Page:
People are to take priority over cars on Government Street — Victoria’s main tourist strip — by 2022.
Victoria councilors have unanimously endorsed proposals brought forward by Mayor Lisa Helps and city staff to begin planning Government Street’s transformation into a “people priority” street that, once completed, would not ban motor vehicles but would severely restrict their access.
“This isn’t meant to cut cars off. It’s meant to build on Government Street’s strengths [and] limit vehicle traffic significantly, so it feels like you’re just wandering through a space that is made for people,” Helps said.
“I think if we keep having this conversation about closing Government Street to cars or opening Government Street to cars, we’re never actually going to do anything on Government Street.”
In a decision that still has to be ratified next week, councillors endorsed transforming Government Street into a pedestrian-priority street between Humboldt and Yates, with an eye to completion by the end of 2022.
It called on staff to research other cities with people first, multi-use streets.
Construction of short-term improvements is to be co-ordinated with other major infrastructure work and done as much as possible in off-seasons for tourism and holidays.
The 2020 budget is to include an analysis of options to transform the street, with improvements to be constructed in the following two years.
Helps said the staff analysis would include things such as implications for merchants, traffic patterns, buses, pedestrians and cyclists.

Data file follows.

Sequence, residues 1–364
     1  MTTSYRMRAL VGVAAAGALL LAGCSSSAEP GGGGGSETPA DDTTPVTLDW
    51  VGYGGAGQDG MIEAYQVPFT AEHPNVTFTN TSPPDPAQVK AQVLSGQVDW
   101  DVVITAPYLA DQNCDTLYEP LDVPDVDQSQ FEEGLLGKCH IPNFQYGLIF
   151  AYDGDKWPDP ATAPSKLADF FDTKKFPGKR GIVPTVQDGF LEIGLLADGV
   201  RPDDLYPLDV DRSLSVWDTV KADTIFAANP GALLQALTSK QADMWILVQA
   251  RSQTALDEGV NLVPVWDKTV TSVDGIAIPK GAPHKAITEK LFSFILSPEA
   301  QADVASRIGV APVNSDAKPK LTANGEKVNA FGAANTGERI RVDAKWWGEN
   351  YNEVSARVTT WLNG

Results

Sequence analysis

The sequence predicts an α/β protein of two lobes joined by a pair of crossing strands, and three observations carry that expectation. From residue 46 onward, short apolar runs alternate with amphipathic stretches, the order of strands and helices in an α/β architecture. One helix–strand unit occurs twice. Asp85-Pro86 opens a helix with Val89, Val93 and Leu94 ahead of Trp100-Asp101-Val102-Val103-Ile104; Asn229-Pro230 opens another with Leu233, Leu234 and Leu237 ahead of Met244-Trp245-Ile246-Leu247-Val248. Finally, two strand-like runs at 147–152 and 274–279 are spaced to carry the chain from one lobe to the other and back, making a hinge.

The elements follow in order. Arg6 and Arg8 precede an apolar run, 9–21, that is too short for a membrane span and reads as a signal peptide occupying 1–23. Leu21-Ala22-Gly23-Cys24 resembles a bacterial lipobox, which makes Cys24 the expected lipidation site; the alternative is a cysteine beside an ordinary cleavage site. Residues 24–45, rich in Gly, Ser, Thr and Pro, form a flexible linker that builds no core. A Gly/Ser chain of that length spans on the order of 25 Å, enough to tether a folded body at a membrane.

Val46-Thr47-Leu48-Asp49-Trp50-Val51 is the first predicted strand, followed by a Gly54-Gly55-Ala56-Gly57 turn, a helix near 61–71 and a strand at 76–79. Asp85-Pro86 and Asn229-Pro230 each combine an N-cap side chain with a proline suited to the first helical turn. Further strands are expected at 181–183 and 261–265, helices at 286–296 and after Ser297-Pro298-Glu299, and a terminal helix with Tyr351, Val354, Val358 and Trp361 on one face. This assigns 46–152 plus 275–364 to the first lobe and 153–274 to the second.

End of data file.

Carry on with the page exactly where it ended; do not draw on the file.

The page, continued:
Downtown Victoria Business Association executive director Jeff Bray said council seems to be listening to his members who don’t want to see the street entirely closed to vehicle traffic.
“I would say that the businesses on Government Street, for the most part, were heard through this process,” Bray said.
“I think that the motion that was passed was much more about creating an area for collaboration, where the businesses can be more involved in how to create a more pedestrian-focused street and enhance the streetscape for both tourists and the locals alike.”
Bray said the conversation has changed from people versus cars to “how to improve the placemaking of a main downtown street like Government Street.”
He said it’s important that council is looking to make any substantial improvements in conjunction with other planned service improvements and in the off-season.
Bray was also pleased that council acknowledged that in addition to Government Street between Humboldt and Yates streets, staff should be looking to extend the pedestrian experience north to Chinatown.